CEDAR CITY — The decision to mount a musical in a space modeled after Shakespeare‘s original Globe Theatre may seem odd. But when that musical is Sweeney Todd, the decision makes perfect sense. Sweeney Todd is a revenge tragedy, a subgenre that includes Hamlet and Othello. Indeed, Shakespeare’s first revenge tragedy is Titus Andronicus, which — like Sweeney Todd — features meat pies made from human corpses.

Show closes September 9, 2022.

Brad Carroll was entrusted with directing this landmark production for the Festival. Thanks to Carroll’s attentive directing, Sweeney Todd has an almost unbearable level of tension, especially during the first rendition of “Pretty Women” and the bakehouse scenes. I was also impressed by the controlled chaos of “City on Fire” and the animalistic movements of the cast during the asylum scenes. Carroll also emphasizes the rich contrasts of Sweeney Todd, with the musical loveliness of the second act’s version of “Johanna” happening while people are being murdered being a particularly creepy juxtoposition.

As much as I adore Carroll’s direction, there were some minor moments that detracted from the show. During “Kiss Me” and “Ladies in Their Sensitivities,” Carroll placed Antony and Johanna on a downstage couch and had the beadle and judge act out their scene (taking place elsewhere) in nearly the same space. It was an odd blocking choice that made it seem like all four characters were actually in the same location. Also, in the second act, the stage smoke in the bakehouse was too thick for me to clearly see the body of the beadle appear upstage as it exited the chute. Finally, “God, That’s Good” could have been more rousing and energetic.

Ethan Van Slyke (left) as Tobias Ragg and Bree Murphy as Mrs. Lovett in the Utah Shakespeare Festival’s 2022 production of Sweeney Todd. (Photo by Karl Hugh. Copyright Utah Shakespeare Festival 2022.)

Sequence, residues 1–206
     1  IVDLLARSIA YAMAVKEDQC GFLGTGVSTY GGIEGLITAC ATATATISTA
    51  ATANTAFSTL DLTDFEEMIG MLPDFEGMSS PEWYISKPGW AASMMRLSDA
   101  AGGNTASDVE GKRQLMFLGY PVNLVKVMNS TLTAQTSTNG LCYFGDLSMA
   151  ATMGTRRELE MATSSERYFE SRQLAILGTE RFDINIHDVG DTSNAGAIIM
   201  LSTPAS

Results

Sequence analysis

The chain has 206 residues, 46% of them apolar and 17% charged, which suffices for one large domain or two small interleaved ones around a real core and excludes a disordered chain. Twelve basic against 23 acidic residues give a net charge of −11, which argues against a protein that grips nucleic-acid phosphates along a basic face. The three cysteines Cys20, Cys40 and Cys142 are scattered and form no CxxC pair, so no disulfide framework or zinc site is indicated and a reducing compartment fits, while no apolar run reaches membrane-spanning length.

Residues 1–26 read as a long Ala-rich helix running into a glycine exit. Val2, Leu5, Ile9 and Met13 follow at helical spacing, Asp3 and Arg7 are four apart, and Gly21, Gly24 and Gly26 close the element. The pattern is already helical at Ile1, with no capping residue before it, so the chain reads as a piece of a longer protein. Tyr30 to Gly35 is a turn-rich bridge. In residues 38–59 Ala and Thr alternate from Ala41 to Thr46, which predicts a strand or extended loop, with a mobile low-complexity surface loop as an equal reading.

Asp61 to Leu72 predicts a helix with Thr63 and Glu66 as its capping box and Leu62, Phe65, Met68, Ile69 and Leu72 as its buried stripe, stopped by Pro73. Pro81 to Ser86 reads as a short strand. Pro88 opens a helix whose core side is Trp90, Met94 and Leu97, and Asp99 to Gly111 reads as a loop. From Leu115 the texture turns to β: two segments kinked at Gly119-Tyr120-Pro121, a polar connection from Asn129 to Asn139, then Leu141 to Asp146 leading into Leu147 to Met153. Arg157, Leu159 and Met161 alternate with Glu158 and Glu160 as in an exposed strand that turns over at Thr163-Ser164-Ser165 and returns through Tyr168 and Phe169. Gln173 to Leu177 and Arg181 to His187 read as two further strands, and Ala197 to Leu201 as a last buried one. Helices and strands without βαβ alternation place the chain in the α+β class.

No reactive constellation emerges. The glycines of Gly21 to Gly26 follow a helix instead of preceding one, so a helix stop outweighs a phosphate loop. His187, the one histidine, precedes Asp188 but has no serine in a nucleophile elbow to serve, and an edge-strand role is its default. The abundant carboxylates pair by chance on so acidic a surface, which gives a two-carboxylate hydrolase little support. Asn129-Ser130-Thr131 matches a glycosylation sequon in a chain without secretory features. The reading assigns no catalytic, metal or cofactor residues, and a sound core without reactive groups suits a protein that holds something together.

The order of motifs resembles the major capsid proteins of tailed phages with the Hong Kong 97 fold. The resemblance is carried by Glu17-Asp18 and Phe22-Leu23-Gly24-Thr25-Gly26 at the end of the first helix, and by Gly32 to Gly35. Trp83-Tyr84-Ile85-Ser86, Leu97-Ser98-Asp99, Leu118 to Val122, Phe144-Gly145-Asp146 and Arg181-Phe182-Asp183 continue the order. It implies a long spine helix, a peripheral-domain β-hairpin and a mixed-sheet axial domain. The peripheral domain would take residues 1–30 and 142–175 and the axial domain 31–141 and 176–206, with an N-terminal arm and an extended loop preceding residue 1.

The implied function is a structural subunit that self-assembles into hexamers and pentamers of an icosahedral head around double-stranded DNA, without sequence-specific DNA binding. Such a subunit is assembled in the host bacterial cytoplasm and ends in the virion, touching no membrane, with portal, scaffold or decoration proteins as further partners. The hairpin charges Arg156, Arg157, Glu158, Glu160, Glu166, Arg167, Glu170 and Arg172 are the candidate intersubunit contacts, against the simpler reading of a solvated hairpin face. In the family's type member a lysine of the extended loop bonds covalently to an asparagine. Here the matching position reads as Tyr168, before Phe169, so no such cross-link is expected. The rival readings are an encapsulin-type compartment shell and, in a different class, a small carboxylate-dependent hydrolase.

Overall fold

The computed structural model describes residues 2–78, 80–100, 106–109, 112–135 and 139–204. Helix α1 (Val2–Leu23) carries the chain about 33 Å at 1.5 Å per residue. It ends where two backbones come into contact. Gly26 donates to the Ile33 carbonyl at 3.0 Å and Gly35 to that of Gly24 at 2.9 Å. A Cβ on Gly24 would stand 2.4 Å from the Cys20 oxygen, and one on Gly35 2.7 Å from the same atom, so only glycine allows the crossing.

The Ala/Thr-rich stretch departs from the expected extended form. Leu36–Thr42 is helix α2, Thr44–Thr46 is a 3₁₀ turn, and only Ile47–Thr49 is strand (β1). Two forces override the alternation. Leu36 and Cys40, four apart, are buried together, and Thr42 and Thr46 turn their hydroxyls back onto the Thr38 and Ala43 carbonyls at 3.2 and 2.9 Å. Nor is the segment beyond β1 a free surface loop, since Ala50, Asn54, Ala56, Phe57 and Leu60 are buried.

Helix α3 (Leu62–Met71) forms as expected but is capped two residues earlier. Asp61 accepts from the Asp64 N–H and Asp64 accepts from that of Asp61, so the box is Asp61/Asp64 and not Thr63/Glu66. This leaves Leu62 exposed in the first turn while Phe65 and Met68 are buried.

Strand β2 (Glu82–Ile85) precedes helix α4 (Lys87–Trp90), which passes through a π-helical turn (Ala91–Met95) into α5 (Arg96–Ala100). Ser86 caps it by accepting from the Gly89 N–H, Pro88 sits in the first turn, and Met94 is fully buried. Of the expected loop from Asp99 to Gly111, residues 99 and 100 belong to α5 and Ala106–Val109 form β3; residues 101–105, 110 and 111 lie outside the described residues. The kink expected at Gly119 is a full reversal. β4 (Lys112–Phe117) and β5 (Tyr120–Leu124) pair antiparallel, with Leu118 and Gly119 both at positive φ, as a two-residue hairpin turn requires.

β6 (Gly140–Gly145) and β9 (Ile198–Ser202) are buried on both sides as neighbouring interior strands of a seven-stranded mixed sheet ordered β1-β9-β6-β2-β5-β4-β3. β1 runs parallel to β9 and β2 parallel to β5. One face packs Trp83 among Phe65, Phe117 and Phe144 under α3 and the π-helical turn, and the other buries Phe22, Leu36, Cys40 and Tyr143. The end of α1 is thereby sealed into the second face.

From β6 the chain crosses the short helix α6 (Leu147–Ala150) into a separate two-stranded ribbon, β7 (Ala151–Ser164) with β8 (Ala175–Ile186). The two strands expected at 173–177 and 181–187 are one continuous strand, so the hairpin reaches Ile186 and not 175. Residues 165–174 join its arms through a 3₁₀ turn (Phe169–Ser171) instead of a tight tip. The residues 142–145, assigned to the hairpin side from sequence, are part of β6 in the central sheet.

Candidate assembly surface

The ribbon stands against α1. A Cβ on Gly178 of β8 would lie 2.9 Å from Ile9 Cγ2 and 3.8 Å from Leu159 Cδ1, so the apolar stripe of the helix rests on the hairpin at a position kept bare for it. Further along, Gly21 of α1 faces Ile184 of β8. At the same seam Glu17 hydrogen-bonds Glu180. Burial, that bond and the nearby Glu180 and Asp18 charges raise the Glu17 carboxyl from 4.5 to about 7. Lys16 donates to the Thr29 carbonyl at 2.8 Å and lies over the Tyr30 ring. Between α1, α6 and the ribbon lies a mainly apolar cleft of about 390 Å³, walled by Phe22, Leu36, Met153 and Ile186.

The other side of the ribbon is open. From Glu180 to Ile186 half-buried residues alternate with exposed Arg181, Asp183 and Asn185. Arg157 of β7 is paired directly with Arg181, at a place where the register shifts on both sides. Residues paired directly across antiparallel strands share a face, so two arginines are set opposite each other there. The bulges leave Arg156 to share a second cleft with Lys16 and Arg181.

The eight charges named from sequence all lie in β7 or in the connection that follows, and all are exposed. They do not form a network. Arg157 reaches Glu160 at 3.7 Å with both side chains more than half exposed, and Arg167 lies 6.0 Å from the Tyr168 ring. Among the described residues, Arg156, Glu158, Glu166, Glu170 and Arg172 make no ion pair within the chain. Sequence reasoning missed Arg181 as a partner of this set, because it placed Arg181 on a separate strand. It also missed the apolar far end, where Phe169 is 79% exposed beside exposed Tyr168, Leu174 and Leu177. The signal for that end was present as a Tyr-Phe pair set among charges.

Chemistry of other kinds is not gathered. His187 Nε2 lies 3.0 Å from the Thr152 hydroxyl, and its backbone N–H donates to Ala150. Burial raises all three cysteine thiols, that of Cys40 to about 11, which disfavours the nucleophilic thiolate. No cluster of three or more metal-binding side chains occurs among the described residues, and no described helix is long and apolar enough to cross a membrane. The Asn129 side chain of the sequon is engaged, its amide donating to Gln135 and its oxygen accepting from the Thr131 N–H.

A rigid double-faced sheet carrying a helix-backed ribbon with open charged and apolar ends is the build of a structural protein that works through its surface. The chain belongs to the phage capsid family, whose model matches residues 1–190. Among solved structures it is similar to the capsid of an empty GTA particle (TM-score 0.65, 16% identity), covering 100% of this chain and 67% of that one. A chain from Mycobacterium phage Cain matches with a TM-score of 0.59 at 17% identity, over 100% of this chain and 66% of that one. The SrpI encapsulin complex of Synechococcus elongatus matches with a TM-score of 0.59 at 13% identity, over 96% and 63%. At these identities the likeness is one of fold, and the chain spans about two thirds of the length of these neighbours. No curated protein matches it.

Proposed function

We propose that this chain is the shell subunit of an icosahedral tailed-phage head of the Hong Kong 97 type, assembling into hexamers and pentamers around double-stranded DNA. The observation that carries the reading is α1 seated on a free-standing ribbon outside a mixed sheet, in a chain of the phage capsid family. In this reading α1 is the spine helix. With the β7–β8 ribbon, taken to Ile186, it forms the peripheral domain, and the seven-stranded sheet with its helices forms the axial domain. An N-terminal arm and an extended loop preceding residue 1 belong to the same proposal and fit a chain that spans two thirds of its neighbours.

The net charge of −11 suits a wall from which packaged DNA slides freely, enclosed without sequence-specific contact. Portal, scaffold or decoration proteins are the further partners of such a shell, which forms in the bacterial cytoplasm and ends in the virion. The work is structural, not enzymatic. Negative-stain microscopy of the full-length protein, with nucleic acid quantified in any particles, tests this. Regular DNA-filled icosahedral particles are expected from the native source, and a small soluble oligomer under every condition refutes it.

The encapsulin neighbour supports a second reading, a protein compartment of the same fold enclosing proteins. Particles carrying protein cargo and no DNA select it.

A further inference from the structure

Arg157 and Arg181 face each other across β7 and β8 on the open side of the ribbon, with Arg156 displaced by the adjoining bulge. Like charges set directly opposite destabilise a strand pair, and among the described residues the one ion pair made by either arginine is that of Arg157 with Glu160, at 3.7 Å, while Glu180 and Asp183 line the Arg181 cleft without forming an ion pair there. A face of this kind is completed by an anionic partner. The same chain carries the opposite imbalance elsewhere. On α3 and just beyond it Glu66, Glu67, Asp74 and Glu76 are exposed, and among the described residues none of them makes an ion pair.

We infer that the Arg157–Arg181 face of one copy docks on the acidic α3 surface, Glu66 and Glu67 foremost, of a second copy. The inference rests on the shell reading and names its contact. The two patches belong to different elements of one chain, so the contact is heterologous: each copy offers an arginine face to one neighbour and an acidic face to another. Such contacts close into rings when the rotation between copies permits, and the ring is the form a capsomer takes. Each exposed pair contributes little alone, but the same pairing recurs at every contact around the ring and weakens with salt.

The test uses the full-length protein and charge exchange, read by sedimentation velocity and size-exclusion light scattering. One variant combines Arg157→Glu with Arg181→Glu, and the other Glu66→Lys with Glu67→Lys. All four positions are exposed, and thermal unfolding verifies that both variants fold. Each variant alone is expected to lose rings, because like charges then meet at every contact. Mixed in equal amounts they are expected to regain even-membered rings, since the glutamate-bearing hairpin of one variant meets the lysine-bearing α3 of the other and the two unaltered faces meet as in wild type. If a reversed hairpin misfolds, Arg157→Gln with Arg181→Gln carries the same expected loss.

J. Michael Bailey plays the title character as a brooding man who is seething with rage. Beneath the quiet exterior is a temper that can explode at any moment (and does at different points in the show). Bailey’s performance is nuanced, which prevents Sweeney from being oversimplified into a monster. Anyone who saw Bailey as Jean Valjean in Les Misérables at the Utah Shakespeare Festival in 2012 will be unsurprised to learn that he handles the operatic score effortlessly. A decade has not diminished Bailey’s vocal strength at all, and he maximizes the power of the score with his sonorous voice and lush tone.

The role of Mrs. Lovett seems tailored to Bree Murphy‘s talents. Her Mrs. Lovett is as deranged as Sweeney, and I loved the disturbing twists she put into the role. Murphy sings out the phrase “The Worst Pies in London” like a slogan, and the way she revels in her “bright idea” of using Sweeney’s victims in her meat pies is downright demented. Her musical technique is perfect (especially in “Down By the Sea” and “Poor Thing”), but she never sacrifices character or emotion to sing the score perfectly.

Indeed, the entire cast sings the score exquisitely, and I commend music director Jeremy Mann for making Stephen Sondheim‘s complex score meet its full potential. The act one version of “Johanna” is the show’s simplest song, and the bright tenor vocals of Nathan Haltiwanger as Anthony Hope and the dulcet soprano of Lucy Austin as Johanna enhance the melody and emphasize the youthfulness of the characters. Rob Tucker as Beadle Banford gave gravitas to his songs and scenes, and his final note in “Ladies in Their Sensitivities” is a delightful surprise.

Bill Black‘s costume designs depicted the seedy underbelly of Victorian London via dirtied and tattered costume pieces for the ensemble. After intermission, Mrs. Lovett and Sweeney were dressed in much more refined clothes, a wonderful shift that quietly showed the characters’ improved economic conditions. The fancier signs for their business establishments, as part of Linda Buchanan‘s set, were an additional signal that the two main characters were macabre social climbers. Stephen C. Jones‘s lighting design was the ultimate mood enhancer, and splashing the set with deep red light with every murder added to the intensity of the moment.

So much goes right in this production of Sweeney Todd. The script (by Hugh Wheeler) is intense and deeply moving. In other words, it is Shakespearean. Audiences will savor this production of Sweeney Todd. I recommend seeing it “three times.”

The Utah Shakespeare Festival production of Sweeney Todd plays various dates at 8 PM through September 9 at the Engelstad Shakespeare Theatre on the campus of Southern Utah University. Tickets are $30-90. For more information, visit bard.org.

This review is generously supported by a grant from the Utah Division of Arts and Museums.